The daughter in law of the man known as the King of NASCAR has been diagnosed with and is receiving treatment for Parkinson’s disease.
Pattie Petty wife of retired NASCAR driver and television analyst Kyle Petty, son of Richard Petty made the announcement Tuesday.
With 200 wins Richard Petty in known as NASCAR’s King. Pattie, 60 and Kyle lost their son Adam to a racing incident in 2000. Out of that tragedy they founded Victory Junction in Randleman, North Carolina, a camp for chronically ill children.
Petty said she suspected she had the disease last year when she began experiencing resting tremors and aching muscles – two symptoms her father suffered in the early stages of his 15 year battle with the disease. A doctor in Nashville, Tennessee, confirmed her concerns giving her an initial diagnosis based on her distinctive outward symptoms and started her on anti-Parkinson’s drugs last summer.
“After watching my father live with Parkinson’s, it was not a surprise when I was told that I may be suffering from this disease as well,” explained Petty. “I followed my doctor’s advice and began a series of medications, so that I could continue my plan of working a couple of weeks a month in Kansas City laying the ground work to open Victory Junction Midwest.”
Victory Junction Midwest is slated be the sister camp to Victory Junction.
Petty underwent a breakthrough test to diagnose Parkinson’s disease and other tremors at the University of Kansas Hospital. The FDA earlier this year approved DaTscan, a test that uses a radioactive imaging drug injected into the bloodstream for the purposes of detecting dopamine transporters (DaT) in the brain. The University Of Kansas Hospital is the first in the region to offer DaTscan. Petty is the tenth person to undergo the test.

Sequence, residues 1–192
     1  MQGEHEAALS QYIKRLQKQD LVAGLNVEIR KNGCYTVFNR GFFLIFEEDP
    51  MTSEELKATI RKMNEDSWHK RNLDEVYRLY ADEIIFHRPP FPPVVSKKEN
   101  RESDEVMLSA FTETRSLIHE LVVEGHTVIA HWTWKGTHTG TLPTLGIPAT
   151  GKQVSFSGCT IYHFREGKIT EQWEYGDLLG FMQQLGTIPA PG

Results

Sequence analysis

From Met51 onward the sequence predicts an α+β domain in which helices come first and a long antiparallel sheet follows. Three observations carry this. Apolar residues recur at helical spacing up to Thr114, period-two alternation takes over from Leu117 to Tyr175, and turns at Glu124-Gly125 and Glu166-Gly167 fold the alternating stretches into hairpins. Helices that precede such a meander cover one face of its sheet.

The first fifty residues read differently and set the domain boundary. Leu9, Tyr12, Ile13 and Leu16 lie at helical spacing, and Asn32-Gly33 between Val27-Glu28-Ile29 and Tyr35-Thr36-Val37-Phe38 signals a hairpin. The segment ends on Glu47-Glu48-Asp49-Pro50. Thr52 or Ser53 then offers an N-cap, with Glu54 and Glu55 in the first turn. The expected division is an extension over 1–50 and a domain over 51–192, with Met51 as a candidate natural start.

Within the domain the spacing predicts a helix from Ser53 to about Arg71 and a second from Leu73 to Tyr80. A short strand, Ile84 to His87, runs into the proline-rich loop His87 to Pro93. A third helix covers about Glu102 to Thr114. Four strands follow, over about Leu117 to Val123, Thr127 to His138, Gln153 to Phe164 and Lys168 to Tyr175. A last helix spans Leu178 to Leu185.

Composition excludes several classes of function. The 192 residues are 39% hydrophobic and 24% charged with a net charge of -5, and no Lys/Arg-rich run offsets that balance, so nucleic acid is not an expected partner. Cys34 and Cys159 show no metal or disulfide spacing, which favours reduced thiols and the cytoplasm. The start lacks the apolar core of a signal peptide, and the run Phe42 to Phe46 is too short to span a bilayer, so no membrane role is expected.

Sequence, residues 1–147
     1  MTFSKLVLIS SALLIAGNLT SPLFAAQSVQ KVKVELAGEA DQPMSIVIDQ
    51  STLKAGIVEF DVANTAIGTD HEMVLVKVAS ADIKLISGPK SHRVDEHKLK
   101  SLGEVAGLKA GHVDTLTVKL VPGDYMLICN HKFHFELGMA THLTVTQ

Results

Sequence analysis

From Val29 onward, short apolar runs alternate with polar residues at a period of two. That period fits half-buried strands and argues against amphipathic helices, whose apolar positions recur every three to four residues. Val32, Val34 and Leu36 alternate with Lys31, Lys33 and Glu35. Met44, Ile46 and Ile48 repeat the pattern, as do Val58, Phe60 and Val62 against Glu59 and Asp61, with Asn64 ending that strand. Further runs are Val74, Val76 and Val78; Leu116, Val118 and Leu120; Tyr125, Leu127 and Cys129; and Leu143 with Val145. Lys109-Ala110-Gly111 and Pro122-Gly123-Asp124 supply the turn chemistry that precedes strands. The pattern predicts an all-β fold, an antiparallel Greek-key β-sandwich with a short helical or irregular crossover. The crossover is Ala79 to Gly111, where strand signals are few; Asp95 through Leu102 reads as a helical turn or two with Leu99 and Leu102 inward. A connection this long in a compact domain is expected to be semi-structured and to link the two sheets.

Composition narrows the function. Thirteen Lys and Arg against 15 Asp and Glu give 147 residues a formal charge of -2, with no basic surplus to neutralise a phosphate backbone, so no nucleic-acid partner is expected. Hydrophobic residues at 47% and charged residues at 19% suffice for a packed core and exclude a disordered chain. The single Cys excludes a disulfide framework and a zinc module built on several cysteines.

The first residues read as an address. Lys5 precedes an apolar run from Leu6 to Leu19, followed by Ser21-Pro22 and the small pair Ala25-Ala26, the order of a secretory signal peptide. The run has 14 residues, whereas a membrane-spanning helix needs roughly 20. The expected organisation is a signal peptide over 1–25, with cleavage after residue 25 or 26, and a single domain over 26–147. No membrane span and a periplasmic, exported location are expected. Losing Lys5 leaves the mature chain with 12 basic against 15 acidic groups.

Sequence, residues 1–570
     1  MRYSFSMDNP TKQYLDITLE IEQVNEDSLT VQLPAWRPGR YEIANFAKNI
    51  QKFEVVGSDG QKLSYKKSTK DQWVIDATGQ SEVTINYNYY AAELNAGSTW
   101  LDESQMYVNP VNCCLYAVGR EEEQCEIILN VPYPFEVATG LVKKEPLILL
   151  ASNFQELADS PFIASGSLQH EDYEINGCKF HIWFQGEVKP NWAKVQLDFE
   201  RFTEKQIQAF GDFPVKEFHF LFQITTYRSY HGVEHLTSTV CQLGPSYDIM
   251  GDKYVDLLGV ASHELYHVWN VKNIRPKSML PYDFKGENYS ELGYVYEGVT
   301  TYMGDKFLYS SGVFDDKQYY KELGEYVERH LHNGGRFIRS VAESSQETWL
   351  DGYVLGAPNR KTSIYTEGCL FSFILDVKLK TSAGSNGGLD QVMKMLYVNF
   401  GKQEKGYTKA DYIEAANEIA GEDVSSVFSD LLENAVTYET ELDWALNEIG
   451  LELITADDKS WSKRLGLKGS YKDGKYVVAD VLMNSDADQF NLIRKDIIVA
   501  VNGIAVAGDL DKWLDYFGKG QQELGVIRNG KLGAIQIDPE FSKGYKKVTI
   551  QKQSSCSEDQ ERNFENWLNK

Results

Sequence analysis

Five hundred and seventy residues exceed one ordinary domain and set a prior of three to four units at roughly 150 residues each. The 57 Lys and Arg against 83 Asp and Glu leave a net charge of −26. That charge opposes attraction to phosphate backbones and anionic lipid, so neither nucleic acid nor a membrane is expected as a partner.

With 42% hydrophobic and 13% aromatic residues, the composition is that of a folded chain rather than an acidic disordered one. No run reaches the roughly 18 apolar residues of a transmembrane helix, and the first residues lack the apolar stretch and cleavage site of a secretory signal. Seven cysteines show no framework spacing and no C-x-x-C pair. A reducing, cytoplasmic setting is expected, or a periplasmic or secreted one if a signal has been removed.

“Making the diagnosis is key,” said Reginald Dusing, MD, radiologist in nuclear medicine. “There are effective medicines to treat Parkinson’s disease, but they can have a powerful physiological effect on your body if you don’t need them. If you need them they’re wonderful, but they have to be carefully regulated which is why this test is considered a breakthrough diagnostic tool.”
“Even after receiving the unfortunate results from DaTscan, I feel relief,”said Petty. “I am relieved that my family and I are confident in my diagnosis and can focus on the work we have ahead of us to live with Parkinson’s disease. Kyle and I have already been blessed by the outpouring support to bring Victory Junction Midwest to Greater Kansas City and we feel doubly blessed that we have a strong and dedicated group of professionals at University of Kansas Hospital providing us with the latest medical technology and assisting us with this disease.
“This ‘official’ diagnosis does not change our efforts in Kansas City,” she added. “My hands may not be still, and I might move a bit slower right now, but we are moving full-steam ahead to change the lives of chronically ill children in the Midwest.”
“Pattie’s dedication to Victory Junction Midwest is firm,” said Kyle her husband of 33 years. “Staying active is an important part of managing Parkinson’s and that will not be hard for my wife. Pattie will not let Parkinson’s regulate her life. She will continue her initiative to expand Victory Junction, while our kids and I will support her and help her cope with this disease.”
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